Mass. ambulance service receives free plexiglass aerosol boxes

The boxes are designed to go over a patient's head during airway management procedures and trap aerosol contaminants


George Austin
The Standard-Times, New Bedford, Mass.

SWANSEA, Mass. — Swansea Ambulance Corps Executive Director Brendan Martin was able to obtain two free plexiglass aerosol boxes to help protect his emergency medical service personnel from patients who are possibly infected with the coronavirus and also secured some of the boxes to help out other area departments that transport patients to the hospital in ambulances.

The boxes are a new device that go over a patient's head during tracheal intubation and airway management to trap aerosol contaminants from the lungs and secretions. The boxes are sealed in the front but there are holes in the sides of the boxes so a paramedic can continue to work on patients while they are on stretchers. Martin said the boxes are used in both pre-hospital and hospital settings.

A group of construction professionals have formed a group called Maybe We Can Help to produce and donate plexiglass boxes designed to trap aerosol contaminants during EMS airway management procedures. (Photo/maybewecanhelp.org)
A group of construction professionals have formed a group called Maybe We Can Help to produce and donate plexiglass boxes designed to trap aerosol contaminants during EMS airway management procedures. (Photo/maybewecanhelp.org)

Martin was also able to secure six of the aerosol boxes for Fall River, two for Somerset and two for Dighton.

The fire chief in Acushnet got Martin in touch with the construction workers that have come together to offer the aerosol boxes to the public safety personnel. Construction professionals from Boston started a group called Maybe We Can Help that are producing the boxes and distributing them for free. Maybewecanhelp.org is a group of construction workers who have joined together to make and donate devices to protect healthcare workers and first responders while they intubate COVID-19 patients. This group was recently formed and has secured enough plexiglass and other equipment that is allowing it to build 1,100 protection devices which are being donated to hospitals and fire departments from Boston to New York.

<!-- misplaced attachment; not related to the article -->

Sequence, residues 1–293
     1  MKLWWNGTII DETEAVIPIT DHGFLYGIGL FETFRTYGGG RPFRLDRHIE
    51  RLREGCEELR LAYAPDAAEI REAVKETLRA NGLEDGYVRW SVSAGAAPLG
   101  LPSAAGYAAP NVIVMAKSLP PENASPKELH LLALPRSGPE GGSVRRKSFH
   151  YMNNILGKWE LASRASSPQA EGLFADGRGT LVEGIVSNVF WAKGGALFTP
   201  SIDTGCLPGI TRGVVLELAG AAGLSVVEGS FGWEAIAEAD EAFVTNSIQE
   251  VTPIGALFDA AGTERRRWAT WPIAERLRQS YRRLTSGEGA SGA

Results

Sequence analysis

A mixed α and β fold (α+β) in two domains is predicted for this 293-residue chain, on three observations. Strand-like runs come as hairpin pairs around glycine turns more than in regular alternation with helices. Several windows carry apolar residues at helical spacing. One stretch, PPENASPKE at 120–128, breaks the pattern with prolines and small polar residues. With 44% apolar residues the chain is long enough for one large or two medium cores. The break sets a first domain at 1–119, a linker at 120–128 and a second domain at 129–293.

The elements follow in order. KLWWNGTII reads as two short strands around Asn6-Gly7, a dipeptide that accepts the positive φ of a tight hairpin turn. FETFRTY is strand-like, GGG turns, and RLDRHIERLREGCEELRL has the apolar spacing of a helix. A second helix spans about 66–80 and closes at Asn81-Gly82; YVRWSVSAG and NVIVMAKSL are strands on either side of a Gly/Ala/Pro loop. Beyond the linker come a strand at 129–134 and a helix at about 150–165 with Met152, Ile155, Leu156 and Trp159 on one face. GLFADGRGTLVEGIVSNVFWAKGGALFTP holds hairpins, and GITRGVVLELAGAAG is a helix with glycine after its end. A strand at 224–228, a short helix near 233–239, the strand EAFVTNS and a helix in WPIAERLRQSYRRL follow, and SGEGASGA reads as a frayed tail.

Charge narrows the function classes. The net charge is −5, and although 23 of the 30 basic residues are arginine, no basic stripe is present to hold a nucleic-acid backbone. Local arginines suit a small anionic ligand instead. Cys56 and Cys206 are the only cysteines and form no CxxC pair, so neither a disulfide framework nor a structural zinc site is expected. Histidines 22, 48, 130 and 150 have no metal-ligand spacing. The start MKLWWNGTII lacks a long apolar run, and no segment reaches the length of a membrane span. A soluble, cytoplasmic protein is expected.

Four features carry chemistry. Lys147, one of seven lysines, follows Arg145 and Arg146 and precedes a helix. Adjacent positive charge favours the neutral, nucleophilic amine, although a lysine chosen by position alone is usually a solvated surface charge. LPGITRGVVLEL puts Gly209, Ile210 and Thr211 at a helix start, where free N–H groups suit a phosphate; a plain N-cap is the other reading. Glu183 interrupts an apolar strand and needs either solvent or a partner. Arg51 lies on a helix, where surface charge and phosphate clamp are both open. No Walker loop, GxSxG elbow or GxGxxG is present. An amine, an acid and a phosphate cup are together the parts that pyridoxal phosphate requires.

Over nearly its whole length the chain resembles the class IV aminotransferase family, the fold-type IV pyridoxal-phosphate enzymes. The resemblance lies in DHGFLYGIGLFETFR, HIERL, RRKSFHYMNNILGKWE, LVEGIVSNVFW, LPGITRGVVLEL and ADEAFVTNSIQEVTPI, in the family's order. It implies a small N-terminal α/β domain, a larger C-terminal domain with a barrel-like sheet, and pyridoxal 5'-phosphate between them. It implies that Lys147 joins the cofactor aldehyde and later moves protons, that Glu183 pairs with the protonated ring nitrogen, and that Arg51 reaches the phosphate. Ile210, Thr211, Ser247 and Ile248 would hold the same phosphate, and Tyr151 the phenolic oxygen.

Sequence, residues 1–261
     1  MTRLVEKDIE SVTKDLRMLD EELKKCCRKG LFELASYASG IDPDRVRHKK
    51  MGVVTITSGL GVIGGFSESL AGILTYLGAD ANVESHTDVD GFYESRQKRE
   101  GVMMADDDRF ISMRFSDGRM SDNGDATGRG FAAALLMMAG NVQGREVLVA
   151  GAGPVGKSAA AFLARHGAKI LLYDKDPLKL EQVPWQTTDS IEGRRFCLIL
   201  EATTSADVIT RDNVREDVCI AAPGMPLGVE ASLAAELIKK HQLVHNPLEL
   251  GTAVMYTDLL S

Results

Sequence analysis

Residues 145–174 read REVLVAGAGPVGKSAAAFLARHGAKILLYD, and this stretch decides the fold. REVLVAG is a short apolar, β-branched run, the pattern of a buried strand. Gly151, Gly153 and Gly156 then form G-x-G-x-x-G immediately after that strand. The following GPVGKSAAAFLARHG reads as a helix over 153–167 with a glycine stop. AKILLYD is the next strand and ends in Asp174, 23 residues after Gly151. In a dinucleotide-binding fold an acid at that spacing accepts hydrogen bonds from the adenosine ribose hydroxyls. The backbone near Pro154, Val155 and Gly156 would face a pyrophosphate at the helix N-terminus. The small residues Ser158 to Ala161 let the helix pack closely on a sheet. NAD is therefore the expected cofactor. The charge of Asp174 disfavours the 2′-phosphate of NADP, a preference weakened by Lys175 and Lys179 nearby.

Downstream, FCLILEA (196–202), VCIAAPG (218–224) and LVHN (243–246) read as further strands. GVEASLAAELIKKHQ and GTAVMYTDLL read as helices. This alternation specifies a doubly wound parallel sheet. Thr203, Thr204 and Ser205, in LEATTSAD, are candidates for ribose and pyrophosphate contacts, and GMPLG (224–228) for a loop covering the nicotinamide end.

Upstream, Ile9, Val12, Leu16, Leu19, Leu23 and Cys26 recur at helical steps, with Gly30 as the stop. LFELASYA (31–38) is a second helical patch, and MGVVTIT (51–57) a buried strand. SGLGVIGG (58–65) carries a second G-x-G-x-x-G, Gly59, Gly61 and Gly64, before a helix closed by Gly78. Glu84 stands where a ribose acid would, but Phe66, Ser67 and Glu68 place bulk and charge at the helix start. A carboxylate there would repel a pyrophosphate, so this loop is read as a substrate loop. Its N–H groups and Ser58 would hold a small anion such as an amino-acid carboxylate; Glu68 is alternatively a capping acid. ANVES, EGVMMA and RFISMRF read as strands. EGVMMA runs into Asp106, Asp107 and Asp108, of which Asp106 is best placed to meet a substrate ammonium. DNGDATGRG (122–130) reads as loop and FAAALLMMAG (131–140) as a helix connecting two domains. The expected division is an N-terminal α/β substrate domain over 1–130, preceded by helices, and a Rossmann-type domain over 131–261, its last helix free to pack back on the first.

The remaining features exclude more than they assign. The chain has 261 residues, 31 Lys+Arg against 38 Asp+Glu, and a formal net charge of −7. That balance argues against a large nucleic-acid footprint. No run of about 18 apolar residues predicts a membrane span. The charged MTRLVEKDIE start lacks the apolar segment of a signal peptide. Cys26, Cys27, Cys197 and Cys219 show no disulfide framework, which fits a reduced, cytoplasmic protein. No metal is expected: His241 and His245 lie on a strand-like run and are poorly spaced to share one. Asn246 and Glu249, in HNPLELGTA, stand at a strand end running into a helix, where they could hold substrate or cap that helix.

The units are sterilized and wrapped in plastic for delivery. The construction workers are building them in a 3,000 square foot state-of-the-art shop with two shifts per day. They are maintaining 20 feet of separation between workers at all times. They are wearing respirators, eye goggles, gloves and protective suits throughout the process.

The construction workers organized donations, materials and people to produce the aerosol boxes. The first shipments of the boxes went out on April 7.

Fall River Emergency Medical Services picked up the boxes for the area departments.

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©2020 The Standard-Times, New Bedford, Mass.

McClatchy-Tribune News Service

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